Well, the Bills and the Jags game at Wembley Stadium in London on Sunday was exciting to say the least. Down 27-3, the Bills second-teamers – yes, eight starters and their number two running back were out – managed to take a 31-27 lead with just over five minutes to play. But alas, the Jaguars showed their London mates that in American football, “it ain’t over until the fat lady sings.” And to Londoners that probably makes about as much sense as the pass interference call on Nickell Robey that set up the home team’s winning score. But the outcome and win-loss records aside, it really was an important game. Online streaming is the next step in the evolution of how we’ll consume the game.
Here’s how I see that evolution.
It begins on October 22, 1939, when the Philadelphia Eagles met the football Brooklyn Dodgers in the first televised game in NFL history. On that day 500-or-so New Yorkers who actually owned television sets had a chance to watch the game on NBC’s experimental station, W2XBS. More saw it on televisions in the RCA Pavilion at the World’s Fair in New York where it was scheduled as a special event. It was the beginning of game’s most important relationship, the marriage between football and television.
My number two biggie in TV’s football evolution came in 1951 when the Dumont Network broadcast the NFL Championship Game. It was the first NFL title game broadcast nationally. The game, like the Bills/Jags game, was super exciting. The Rams beat the Browns on a 73-yard TD pass late in the fourth quarter. Fans, who tuned in, like those who streamed the Bills/Jags game, got their money’s worth and were hooked on this idea of nationally televised games.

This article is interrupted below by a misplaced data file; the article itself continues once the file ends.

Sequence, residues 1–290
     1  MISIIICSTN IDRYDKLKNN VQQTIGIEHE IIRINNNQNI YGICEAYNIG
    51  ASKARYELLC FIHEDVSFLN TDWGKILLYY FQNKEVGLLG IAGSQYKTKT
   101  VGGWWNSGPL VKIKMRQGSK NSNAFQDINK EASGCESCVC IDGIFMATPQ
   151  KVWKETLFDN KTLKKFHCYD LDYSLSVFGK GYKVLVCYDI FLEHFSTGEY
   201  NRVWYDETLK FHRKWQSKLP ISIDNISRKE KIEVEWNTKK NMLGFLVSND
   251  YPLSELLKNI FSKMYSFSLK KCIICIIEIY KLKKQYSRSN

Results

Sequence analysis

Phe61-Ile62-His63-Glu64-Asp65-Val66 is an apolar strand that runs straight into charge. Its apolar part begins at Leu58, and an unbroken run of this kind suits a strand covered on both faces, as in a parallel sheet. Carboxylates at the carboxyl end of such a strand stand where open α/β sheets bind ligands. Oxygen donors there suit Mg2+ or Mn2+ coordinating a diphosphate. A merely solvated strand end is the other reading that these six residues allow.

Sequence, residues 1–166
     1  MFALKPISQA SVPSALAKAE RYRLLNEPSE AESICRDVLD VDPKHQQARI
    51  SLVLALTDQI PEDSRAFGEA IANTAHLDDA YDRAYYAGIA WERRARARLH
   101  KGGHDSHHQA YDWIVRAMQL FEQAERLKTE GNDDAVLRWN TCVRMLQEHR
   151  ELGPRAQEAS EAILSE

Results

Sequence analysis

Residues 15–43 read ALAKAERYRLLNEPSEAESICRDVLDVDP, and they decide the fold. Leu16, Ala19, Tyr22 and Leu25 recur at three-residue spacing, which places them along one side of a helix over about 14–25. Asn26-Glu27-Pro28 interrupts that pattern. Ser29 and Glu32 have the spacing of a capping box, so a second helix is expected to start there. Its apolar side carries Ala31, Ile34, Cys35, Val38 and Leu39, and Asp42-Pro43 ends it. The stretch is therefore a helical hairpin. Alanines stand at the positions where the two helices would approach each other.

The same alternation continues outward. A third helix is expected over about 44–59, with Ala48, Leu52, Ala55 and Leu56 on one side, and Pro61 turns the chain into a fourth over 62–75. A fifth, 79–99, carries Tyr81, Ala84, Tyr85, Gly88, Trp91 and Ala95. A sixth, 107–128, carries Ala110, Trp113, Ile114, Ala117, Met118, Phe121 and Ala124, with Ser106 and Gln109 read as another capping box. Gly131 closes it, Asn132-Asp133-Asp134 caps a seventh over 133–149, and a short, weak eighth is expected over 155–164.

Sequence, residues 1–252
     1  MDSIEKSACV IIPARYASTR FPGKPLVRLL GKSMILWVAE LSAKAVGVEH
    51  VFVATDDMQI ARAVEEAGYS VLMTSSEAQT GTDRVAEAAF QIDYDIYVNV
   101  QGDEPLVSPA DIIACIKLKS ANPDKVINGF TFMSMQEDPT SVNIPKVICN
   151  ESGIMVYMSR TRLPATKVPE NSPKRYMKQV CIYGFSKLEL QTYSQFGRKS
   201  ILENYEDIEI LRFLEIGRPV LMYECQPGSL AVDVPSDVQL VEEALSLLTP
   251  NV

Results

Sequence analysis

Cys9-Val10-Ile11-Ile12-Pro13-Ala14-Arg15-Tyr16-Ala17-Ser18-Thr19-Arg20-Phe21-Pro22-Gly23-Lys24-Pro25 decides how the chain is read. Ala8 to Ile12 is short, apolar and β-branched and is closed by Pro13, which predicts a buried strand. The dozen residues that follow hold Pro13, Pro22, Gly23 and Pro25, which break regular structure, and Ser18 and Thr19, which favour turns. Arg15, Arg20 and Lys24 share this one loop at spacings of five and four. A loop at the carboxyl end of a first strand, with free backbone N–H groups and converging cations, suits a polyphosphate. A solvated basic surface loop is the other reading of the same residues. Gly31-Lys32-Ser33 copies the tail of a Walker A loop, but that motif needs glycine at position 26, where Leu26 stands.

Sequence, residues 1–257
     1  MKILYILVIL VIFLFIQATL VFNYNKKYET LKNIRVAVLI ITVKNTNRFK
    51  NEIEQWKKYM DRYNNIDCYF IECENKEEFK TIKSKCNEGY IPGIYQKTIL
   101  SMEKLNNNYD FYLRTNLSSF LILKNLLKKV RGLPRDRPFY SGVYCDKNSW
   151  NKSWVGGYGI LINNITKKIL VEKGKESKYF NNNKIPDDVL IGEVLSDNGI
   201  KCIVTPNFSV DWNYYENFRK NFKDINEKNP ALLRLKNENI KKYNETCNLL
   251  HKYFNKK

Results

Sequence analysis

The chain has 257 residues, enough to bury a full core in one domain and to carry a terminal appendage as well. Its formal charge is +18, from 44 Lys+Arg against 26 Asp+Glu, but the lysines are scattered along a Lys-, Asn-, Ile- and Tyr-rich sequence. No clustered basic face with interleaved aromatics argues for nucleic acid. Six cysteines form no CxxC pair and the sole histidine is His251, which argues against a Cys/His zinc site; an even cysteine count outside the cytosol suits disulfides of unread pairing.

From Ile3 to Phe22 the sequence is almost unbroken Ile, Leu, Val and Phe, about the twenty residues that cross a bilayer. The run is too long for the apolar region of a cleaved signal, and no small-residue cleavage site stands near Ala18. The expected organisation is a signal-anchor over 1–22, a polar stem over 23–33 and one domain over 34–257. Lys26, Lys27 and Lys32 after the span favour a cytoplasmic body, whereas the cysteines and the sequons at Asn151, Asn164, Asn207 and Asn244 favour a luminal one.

Third on my list is the 1958 NFL Championship Game. Actually, I should call it 2-b since it’s also a championship game and the television part really didn’t change. It’s just that this nationally televised title game between the Baltimore Colts and the New York Giants was played in media central New York City and went into overtime. Eventually the Colts won the nail-biter 23-17, but more importantly, 45 million viewers tuned in to witness.
Now lots happened between 1958 and my next stop on the history timeline. But for me, the next “big thing” in televised football was ABC’s Monday Night Football. Even though the NFL and CBS experimented with one nationally televised Monday night game in 1966 and 1967 and then two in 1968 and 1969, and then the rival AFL did the same with NBC in 1968 and 1969; it was ABC’s weekly game that changed everything. With a wild three-man booth and halftime highlight films, it was no longer just a football game; it was a prime time extravaganza. For what it’s worth, I contend Monday Night Football also gave birth to the sports bar scene.
Next let’s go back, back, back, back, back, to cable TV and ESPN; pro football year round on a 24-7 network. The all-sports network that debuted on September 7, 1979 was a sports junkie’s dream. As NFL Commissioner Paul Tagliabue once explained, “ESPN was able to take the draft, pregame and highlight shows, and other NFL programming to a new level.” By 1985, ESPN was in the mix of televising NFL games. It introduced us to a regular Sunday Night Football schedule and eventually took over the Monday Night franchise slot.
So what could possibly be next? Ah, yes. The satellite dish! Finally, in 1994 for those who no longer resided in the same region as their beloved home team, the satellite dish and NFL Sunday Ticket made it possible to not only watch their home team, they could watch any game they wanted.
And finally, let’s not forget the 2003 launch of the NFL Network, a cable/satellite network that brings us 24-7 NFL football. Life is good.
So, in conclusion, Bills fans fear not. Just as the world remembers your team as the one that went to four consecutive Super Bowls – not for losing four – they’ll now also be remembered as one of the two teams that played in the first live stream of an NFL game to a global audience on a digital platform. Who really cares who won the Eagles/Dodgers game in 1939 anyhow?
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